The third event in this confluence is the recent National Assembly elections in which women made substantial gains in representation and power. In 2012 women have risen to the highest rungs of power in South Korea. The resurgent Saenuri party is headed by a woman who is arguably the most powerful person in South Korea. In the election more women were elected to the National Assembly than ever before. Many were elected by a movement encouraging women to vote for women representatives who vowed to change the antiquated sex crime laws of South Korea. So now is the time for the leader of the majority party and the elected women who made that vow to work towards enacting new legislation.
As a blueprint for this change, the recent redefinition of rape by the American FBI would be a worthy goal. This definition of rape includes any nonconsensual penetration, no matter how slight, of the female sex organ or the anus of either sex with any body part or object. The definition also includes nonconsensual oral penetration by a sex organ. Further, and most important for the South Korean context, consent cannot be given if the victim is intoxicated. And intoxication does not require an alcohol induced coma but includes an amount of drink equivalent to drunk driving. Further if the alcohol is provided by the perpetrator than any amount of alcohol consumption negates the victim’s consent. Finally physical resistance is not required to show a lack of consent.
In addition to redefining rape the police and the prosecutors need sensitivity training for handling victims of rape. While rape centers designed to deal with victims of sex crimes are a recent positive step, the police and prosecutors continue to interview these victims in open workrooms where private details are discussed in the presence of uninvolved police or prosecutorial staff. Even victims or suspects in unrelated crimes can be present in the same office as the rape victim. Private interview rooms with specially trained staff are a necessity.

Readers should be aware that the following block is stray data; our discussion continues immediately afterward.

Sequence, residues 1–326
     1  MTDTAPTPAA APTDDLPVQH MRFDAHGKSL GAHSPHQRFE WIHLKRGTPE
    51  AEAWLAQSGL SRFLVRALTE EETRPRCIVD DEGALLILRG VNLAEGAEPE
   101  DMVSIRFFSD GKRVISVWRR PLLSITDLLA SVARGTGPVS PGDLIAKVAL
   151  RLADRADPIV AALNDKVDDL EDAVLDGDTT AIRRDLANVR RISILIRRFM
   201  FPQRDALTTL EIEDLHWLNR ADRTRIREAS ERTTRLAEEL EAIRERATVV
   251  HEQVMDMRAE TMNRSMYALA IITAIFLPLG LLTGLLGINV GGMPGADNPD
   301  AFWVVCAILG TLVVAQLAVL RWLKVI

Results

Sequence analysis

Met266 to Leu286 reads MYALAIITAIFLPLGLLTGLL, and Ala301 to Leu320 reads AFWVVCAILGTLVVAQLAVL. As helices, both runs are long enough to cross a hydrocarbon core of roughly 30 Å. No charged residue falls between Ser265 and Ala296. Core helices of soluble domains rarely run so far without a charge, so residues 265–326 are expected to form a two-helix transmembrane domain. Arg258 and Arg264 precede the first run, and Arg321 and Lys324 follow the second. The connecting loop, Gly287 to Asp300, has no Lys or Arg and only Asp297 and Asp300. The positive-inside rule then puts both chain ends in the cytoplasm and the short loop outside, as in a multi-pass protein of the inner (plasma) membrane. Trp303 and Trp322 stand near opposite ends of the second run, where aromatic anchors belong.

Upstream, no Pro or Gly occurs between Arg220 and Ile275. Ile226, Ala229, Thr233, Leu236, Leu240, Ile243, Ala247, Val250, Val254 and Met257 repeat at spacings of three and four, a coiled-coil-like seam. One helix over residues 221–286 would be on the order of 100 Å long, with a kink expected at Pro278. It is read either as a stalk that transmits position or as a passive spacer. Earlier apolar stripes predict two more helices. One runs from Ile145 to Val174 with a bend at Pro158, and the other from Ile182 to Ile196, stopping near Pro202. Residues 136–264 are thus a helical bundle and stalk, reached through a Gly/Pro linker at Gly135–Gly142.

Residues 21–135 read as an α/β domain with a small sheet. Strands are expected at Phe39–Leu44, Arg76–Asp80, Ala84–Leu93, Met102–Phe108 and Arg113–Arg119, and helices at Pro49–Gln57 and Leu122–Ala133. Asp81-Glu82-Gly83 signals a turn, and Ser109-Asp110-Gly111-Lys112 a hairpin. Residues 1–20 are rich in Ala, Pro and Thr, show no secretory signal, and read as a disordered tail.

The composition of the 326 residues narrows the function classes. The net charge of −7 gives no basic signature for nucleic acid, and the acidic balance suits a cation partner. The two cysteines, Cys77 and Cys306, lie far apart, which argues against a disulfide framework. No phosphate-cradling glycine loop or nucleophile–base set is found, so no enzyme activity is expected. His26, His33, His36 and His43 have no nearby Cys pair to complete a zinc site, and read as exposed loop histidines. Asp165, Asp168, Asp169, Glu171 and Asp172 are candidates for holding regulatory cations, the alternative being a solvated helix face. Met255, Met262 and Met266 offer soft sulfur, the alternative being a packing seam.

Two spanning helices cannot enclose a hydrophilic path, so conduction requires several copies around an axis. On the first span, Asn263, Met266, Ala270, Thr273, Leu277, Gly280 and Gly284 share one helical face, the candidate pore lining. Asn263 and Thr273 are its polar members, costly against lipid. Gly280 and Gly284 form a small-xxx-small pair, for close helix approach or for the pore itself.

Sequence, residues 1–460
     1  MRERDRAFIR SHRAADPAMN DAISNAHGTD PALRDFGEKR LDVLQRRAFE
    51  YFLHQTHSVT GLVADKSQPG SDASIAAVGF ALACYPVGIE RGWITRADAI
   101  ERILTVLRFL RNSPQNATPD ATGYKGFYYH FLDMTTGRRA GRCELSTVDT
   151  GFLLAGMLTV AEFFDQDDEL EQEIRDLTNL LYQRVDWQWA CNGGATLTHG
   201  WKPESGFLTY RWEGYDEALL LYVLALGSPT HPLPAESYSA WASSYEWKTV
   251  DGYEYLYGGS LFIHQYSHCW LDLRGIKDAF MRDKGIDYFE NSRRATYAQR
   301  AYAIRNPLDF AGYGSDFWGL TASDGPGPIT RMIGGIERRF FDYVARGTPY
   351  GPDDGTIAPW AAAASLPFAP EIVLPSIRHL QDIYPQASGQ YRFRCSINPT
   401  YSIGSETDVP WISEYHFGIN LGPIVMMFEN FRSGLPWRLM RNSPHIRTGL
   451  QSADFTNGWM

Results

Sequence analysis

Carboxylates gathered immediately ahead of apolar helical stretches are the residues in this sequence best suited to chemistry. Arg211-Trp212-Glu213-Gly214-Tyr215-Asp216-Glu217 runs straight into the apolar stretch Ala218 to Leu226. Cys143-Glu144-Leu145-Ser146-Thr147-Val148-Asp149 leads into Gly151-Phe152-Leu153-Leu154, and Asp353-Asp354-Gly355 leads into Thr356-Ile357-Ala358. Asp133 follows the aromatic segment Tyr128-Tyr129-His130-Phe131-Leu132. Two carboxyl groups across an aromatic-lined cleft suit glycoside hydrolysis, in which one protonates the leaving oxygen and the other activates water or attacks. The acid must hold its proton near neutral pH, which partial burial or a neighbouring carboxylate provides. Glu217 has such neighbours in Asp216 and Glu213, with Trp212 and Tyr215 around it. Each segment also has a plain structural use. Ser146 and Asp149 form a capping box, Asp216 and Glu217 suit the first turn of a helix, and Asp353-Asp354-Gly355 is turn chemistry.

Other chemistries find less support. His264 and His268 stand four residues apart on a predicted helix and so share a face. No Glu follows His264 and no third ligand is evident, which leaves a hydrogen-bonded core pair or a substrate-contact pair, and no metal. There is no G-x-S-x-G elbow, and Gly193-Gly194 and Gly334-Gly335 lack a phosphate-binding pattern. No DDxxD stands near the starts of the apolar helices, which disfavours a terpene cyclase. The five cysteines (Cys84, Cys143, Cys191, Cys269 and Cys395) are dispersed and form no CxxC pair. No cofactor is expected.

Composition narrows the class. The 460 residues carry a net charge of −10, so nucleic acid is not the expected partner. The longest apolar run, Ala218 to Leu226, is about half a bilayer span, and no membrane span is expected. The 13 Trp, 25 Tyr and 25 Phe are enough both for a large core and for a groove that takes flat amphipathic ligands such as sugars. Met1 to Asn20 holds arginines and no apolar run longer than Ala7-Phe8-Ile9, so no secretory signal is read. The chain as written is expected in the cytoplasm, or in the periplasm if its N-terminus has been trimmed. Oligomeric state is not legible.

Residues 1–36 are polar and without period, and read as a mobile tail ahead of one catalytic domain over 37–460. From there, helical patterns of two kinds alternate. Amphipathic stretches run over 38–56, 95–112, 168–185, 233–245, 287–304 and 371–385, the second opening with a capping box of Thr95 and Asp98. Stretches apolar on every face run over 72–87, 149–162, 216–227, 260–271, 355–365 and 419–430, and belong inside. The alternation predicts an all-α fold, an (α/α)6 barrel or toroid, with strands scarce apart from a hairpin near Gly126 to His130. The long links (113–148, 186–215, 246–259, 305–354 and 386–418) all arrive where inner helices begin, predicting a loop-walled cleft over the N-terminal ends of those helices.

These days in South Korea it often seems the only way to receive justice is to have a movie made about your life or to die in a shocking manner, either by suicide or murder. While we hope that no more of the women raped in the last year kill themselves, perhaps the minor celebrity status of the young women abused by the talent agency chief or the horrid fate of the woman ultimately victimized by the negligence of the Suwon police might so incense the population that the government will act. Until that day young women in South Korea will continue to spend the last few months of high school drinking large amounts of soju with their trusted friends in an effort to develop a high tolerance to alcohol before going off to college.
By Daniel Fiedler
Daniel Fiedler is a professor of law at Wonkwang University. He also holds an honorary position as an international legal advisor to the North Jeolla Provincial Government. ― Ed.